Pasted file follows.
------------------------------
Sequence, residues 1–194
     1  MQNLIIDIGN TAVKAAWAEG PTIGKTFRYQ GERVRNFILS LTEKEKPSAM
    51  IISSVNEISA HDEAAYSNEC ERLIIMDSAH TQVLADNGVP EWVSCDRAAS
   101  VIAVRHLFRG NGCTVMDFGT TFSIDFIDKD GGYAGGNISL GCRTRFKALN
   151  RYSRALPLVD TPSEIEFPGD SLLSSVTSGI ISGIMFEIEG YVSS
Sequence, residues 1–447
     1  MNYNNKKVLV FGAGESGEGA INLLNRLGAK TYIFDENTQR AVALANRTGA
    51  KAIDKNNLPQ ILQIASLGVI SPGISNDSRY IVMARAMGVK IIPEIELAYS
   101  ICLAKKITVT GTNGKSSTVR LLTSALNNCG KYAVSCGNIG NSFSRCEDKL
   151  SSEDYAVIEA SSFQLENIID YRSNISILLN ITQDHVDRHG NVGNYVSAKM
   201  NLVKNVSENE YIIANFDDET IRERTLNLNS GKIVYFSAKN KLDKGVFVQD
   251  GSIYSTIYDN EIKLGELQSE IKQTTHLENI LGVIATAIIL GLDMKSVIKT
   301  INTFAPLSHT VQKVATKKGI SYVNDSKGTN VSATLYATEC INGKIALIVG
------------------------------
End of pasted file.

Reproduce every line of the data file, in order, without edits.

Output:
Sequence, residues 1–194
     1  MQNLIIDIGN TAVKAAWAEG PTIGKTFRYQ GERVRNFILS LTEKEKPSAM
    51  IISSVNEISA HDEAAYSNEC ERLIIMDSAH TQVLADNGVP EWVSCDRAAS
   101  VIAVRHLFRG NGCTVMDFGT TFSIDFIDKD GGYAGGNISL GCRTRFKALN
   151  RYSRALPLVD TPSEIEFPGD SLLSSVTSGI ISGIMFEIEG YVSS
Sequence, residues 1–447
     1  MNYNNKKVLV FGAGESGEGA INLLNRLGAK TYIFDENTQR AVALANRTGA
    51  KAIDKNNLPQ ILQIASLGVI SPGISNDSRY IVMARAMGVK IIPEIELAYS
   101  ICLAKKITVT GTNGKSSTVR LLTSALNNCG KYAVSCGNIG NSFSRCEDKL
   151  SSEDYAVIEA SSFQLENIID YRSNISILLN ITQDHVDRHG NVGNYVSAKM
   201  NLVKNVSENE YIIANFDDET IRERTLNLNS GKIVYFSAKN KLDKGVFVQD
   251  GSIYSTIYDN EIKLGELQSE IKQTTHLENI LGVIATAIIL GLDMKSVIKT
   301  INTFAPLSHT VQKVATKKGI SYVNDSKGTN VSATLYATEC INGKIALIVG